That's the math. What they don't factor in is what's going on currently here, which is voter apathy. Most time, the dropout parties just stop voting. if you can garner enough support for a third party that appeals to that 60% of the voters not voting for the big two, then you have a viable candidate.

What the video shows is vanilla and numbers. We're not vanilla in the political climate right now.
 
 Thumb up
 tip
 Hide
  • [+] Dice rolls
MGK
Canada
Toronto
Ontario
flag msg tools
badge
Avatar
mbmbmbmbmb
FunkyBlue wrote:
The 3rd parties we have are small and ineffectiual because they have their own core set of ideals that only a small percentage of people think is their best choice. See Libertarian and Green parties.


And a "centrist" party funded by monied elites won't have its own core set of ideals? Go look at Evan Bayh's or Michael Bloomberg's political positions: these will be the positions of the New Dreamy Party, since Bayh and Bloomberg are the people making all the noise about third parties these days.

Quote:
This is different because it's not about hard stances on issues. It's about compromise. A candidate that wants to work to get both sides to cooperate.


Yes, because once a candidate gets into office and becomes the target of lobbying, he will be focused on being a mediator between the other two parties rather than simply adopting the political positions he finds most expedient, declaring himself "the middle" and demanding that other sides come to him.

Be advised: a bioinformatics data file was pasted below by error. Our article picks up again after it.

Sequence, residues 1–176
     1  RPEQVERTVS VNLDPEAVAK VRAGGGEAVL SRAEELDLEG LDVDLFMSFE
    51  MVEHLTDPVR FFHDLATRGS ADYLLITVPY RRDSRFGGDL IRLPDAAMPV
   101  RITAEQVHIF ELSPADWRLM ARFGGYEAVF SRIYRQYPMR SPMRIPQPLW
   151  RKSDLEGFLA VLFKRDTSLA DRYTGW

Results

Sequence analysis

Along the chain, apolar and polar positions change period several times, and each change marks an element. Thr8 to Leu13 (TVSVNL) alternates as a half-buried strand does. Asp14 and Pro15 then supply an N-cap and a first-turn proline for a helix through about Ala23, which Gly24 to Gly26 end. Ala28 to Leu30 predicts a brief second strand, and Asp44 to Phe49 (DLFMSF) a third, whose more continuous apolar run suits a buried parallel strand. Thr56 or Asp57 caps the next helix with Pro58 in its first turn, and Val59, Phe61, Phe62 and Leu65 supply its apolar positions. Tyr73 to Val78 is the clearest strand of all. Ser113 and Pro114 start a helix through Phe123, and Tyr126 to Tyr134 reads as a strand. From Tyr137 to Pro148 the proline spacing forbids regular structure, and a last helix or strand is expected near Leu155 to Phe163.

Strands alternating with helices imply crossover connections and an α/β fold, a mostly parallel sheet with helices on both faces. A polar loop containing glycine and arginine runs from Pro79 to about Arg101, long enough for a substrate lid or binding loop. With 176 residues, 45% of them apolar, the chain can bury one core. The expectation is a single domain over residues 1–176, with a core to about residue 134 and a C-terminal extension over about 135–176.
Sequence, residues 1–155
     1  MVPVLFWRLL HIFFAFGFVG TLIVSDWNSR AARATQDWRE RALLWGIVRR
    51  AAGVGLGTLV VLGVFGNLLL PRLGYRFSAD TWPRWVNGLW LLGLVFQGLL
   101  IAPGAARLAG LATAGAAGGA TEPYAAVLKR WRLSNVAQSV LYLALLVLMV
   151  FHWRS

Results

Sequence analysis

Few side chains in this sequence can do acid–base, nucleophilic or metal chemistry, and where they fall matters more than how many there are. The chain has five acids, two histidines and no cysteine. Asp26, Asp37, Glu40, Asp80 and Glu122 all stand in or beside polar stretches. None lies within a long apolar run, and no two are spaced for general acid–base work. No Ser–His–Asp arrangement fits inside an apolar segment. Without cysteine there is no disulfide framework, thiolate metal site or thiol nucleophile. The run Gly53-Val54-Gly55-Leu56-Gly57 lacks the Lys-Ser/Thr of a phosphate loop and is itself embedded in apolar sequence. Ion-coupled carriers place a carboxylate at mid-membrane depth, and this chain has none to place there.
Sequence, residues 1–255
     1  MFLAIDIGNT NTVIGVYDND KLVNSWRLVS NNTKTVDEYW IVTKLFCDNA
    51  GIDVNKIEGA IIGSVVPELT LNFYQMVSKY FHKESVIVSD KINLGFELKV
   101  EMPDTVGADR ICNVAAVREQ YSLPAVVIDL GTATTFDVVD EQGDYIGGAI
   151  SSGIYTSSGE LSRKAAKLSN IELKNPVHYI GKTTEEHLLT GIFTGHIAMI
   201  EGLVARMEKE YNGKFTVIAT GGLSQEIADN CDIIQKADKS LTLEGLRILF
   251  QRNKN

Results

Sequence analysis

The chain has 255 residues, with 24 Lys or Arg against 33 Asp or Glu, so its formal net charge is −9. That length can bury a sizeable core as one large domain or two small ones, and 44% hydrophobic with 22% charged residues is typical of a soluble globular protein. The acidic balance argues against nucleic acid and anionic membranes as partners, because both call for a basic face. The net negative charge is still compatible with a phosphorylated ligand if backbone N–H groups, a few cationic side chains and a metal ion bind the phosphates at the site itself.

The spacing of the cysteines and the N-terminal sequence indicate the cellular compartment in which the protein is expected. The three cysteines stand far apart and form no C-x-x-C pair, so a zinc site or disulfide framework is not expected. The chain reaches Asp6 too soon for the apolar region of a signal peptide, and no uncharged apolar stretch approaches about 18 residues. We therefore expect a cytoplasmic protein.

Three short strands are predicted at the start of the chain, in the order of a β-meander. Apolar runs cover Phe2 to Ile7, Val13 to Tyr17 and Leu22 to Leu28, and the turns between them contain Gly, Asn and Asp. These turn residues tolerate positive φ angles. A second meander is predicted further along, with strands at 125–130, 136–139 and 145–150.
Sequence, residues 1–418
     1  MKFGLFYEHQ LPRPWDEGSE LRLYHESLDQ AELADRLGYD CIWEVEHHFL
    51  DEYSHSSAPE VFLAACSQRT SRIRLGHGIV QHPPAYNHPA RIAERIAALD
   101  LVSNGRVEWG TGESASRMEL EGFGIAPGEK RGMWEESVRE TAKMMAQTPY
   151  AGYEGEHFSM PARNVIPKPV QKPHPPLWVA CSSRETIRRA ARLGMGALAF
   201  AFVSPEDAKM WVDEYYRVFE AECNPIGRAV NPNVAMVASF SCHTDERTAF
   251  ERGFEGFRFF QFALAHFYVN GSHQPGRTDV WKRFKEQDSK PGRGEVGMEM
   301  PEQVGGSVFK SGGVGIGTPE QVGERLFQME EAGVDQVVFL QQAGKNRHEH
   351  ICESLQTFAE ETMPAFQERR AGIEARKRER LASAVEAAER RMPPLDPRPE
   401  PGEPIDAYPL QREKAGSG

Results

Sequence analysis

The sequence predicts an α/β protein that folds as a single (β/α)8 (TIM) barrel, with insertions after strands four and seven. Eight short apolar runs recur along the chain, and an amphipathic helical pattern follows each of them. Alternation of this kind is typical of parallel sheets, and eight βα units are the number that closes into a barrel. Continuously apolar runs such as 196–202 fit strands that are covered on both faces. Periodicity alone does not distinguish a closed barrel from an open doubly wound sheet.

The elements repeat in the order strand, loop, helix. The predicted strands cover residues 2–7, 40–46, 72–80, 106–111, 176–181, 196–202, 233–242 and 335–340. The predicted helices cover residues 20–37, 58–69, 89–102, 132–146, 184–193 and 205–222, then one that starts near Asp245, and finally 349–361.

Relying on politics to provide you angels is foolish; relying on politics funded by monied interests to provide you angels is foolish times ten.

Quote:
Hell, even Rs and Ds are looking at this to make a run because even they feel their party doesn't hold their ideals any more. It only goes to show that the complete polar opposites of the political spectrum have far too much control and there is no moderate voice anymore.


This statement totally ignores the reality of the situation, which is that the Democratic party has centrists in it out the wazoo. You simply can't call the party of Ben Nelson, Mark Pryor, Mary Landrieu, Claire McCaskill, Jon Tester, Kay Hagan, Kent Conrad, Tim Johnson, Jim Webb, Mark Warner, and Joe Manchin not centrist - and that's only the Senate.

Quote:
So while you say a third party in power only contorts things more, I think it may be the only thing that might reign in the idiocy.


Speaking as someone who actually has experience living in a first-past-the-post political system with more than two parties, what happens in practice is that you still have a left-right divide, but the left and right take turns being divided amongst themselves. Right now in Canada, we have a left-wing divide and the Conservative party is dominating. Previously, the right wing was split and the Liberals dominated. That is about the most that extra political parties can do.

Except, of course, that Canada has a political system designed to at least partially handle the stresses third parties present, and the United States doesn't. Not even close.
2 
 Thumb up
 tip
 Hide
  • [+] Dice rolls
MGK
Canada
Toronto
Ontario
flag msg tools
badge
Avatar
mbmbmbmbmb
FunkyBlue wrote:
That's the math. What they don't factor in is what's going on currently here, which is voter apathy. Most time, the dropout parties just stop voting. if you can garner enough support for a third party that appeals to that 60% of the voters not voting for the big two, then you have a viable candidate.